Is the question “How to manufacture a walk in cooler with an air conditioner?” on your mind because you want to construct your own walk-in cooler? Some of you may not believe it, but building this would need only three easy steps and a couple of days. And you’ll benefit from having more hands to help you out.
- How To Install Through The Wall Air Conditioner Sleeve? Step by Step Instructions
- 3 Factors That Causes Freezing Of Air Conditioners. How To Unfreeze Air Conditioner?
- How Much Electricity Does An Air Conditioner Use? Ultimate Guide
- How To Build An Air Conditioner Support Bracket? Step-by-Step Tutorial
- How To Put Freon In A Window Air Conditioner? 8 Easy To Follow Steps For You!
Beginning a food service establishment would be impossible without a walk-in cooler. In the long run, it could help you sell more of the high-quality meat and other commodities you’ve been storing.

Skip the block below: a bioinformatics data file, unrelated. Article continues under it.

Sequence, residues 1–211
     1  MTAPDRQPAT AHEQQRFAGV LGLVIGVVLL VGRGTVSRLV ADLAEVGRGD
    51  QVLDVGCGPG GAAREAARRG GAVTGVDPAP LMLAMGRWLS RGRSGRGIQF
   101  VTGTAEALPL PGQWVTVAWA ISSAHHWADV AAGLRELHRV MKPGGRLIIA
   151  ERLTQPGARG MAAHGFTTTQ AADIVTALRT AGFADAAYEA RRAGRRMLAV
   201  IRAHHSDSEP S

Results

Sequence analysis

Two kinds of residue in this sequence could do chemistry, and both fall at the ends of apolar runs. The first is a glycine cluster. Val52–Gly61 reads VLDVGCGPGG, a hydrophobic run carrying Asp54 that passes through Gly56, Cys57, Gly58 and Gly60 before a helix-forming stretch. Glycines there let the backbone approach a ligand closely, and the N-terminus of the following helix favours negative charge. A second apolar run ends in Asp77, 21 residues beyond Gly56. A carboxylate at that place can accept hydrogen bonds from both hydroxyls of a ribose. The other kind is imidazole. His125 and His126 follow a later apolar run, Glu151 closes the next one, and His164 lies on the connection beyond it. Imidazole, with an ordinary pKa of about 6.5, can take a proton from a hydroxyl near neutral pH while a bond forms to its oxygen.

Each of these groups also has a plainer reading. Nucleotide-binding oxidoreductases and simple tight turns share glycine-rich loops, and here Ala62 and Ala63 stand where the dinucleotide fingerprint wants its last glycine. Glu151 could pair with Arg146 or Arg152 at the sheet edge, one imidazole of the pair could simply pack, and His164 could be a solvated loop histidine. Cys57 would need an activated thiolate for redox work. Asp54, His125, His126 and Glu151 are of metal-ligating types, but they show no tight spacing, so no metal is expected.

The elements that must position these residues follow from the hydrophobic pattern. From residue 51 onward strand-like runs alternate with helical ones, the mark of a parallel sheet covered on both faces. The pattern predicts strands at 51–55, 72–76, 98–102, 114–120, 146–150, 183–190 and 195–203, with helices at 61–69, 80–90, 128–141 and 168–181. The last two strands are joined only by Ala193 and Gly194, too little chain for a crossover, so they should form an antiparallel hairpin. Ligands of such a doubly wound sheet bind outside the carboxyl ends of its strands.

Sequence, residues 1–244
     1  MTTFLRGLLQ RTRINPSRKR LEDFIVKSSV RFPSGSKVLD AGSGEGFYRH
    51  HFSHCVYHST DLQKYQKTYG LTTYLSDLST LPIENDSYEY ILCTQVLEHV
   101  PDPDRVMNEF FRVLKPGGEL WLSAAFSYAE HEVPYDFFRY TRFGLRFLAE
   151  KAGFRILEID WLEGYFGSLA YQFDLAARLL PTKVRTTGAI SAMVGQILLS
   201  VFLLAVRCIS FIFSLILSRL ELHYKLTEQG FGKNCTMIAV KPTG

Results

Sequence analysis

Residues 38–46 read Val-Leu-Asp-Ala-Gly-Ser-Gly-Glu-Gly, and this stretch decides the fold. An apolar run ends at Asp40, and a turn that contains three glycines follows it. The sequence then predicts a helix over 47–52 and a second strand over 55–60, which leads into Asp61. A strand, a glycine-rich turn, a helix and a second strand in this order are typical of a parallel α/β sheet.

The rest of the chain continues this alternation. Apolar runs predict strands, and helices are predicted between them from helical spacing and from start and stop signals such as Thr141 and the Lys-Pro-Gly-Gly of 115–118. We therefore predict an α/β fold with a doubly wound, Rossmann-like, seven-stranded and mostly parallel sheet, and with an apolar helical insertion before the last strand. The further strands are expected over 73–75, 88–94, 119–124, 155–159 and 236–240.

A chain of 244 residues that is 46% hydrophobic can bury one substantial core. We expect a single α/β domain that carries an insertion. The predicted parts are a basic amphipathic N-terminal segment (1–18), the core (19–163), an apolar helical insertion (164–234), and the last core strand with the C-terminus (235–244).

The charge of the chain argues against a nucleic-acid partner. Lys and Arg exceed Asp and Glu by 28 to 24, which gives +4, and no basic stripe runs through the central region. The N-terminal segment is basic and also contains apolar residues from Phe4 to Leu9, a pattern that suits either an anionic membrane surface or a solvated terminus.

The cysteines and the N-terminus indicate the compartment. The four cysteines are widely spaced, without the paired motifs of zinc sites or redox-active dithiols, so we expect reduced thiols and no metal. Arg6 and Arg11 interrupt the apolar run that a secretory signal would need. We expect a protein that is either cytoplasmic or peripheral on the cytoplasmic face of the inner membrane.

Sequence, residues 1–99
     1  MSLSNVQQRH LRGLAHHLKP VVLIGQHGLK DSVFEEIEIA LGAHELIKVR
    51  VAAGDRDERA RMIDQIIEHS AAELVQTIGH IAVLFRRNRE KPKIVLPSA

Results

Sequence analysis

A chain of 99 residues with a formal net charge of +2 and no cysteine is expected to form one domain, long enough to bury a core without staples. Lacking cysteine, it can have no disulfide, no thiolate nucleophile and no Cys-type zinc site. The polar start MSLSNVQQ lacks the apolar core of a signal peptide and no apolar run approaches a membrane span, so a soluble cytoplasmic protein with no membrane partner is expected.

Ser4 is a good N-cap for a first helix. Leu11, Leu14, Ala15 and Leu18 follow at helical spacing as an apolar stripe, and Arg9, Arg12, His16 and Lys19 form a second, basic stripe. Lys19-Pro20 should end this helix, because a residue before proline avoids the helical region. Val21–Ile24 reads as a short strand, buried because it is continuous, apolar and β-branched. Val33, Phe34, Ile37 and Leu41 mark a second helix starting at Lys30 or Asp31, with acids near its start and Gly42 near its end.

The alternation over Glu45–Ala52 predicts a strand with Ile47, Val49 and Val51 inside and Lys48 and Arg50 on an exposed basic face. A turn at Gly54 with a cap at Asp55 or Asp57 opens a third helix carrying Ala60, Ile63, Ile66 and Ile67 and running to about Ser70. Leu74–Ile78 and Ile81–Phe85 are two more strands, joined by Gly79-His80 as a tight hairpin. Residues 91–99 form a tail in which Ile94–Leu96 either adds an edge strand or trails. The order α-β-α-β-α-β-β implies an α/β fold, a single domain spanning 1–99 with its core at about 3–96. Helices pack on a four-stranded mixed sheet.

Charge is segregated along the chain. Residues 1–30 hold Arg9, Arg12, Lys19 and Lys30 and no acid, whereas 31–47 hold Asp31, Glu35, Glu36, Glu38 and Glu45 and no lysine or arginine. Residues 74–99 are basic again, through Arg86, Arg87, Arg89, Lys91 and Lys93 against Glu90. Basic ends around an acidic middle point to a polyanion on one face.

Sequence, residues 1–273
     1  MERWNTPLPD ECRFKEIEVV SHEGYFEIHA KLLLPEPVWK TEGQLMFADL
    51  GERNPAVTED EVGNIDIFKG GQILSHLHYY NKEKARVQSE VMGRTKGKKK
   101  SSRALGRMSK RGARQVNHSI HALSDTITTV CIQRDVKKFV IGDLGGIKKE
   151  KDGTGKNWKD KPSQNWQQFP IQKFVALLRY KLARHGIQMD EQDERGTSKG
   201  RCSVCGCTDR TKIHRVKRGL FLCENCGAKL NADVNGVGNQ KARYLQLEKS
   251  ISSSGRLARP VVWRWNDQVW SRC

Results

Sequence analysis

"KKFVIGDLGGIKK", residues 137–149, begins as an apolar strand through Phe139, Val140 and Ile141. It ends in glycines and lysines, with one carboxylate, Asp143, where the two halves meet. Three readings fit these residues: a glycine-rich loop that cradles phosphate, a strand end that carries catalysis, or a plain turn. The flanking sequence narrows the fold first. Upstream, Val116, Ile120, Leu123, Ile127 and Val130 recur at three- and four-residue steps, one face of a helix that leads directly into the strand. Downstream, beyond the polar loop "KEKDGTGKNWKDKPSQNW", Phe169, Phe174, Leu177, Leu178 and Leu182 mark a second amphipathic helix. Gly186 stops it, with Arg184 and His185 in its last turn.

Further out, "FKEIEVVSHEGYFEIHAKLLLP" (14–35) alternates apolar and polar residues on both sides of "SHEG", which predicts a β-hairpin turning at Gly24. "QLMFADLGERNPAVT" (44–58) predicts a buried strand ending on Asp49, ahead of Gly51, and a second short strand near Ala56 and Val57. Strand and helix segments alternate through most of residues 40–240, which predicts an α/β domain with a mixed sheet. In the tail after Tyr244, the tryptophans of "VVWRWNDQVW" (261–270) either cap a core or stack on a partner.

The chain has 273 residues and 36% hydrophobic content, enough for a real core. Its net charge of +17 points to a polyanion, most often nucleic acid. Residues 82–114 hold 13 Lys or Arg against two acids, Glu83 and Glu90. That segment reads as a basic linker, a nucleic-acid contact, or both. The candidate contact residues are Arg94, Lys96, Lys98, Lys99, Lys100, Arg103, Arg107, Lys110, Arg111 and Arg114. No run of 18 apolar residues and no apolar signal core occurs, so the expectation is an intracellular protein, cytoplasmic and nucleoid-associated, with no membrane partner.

Also useful for storing food and other items that benefit from a cool environment, such as plants. Another option is to launch a company that sells ice.
A walk-in cooler has multiple applications. Now we’ll talk about how to do it yourself.
What’s a Coolbot?
The CoolBot is a handheld controller that converts a regular window air conditioner into a walk-in cooler, maintaining temperatures in the upper 30s Fahrenheit. Website of CoolBot, which contains the following:
Using a number of temperature and humidity sensors and a heating element controlled by a micro-controller, the CoolBot can keep your air conditioner’s compressor from freezing up by setting the temperature in the room to a constant 36 degrees Fahrenheit. Installing the CoolBot controller to your air conditioner takes just 5 minutes and no special skills, tools, or training are required (not even cutting, soldering, or taping).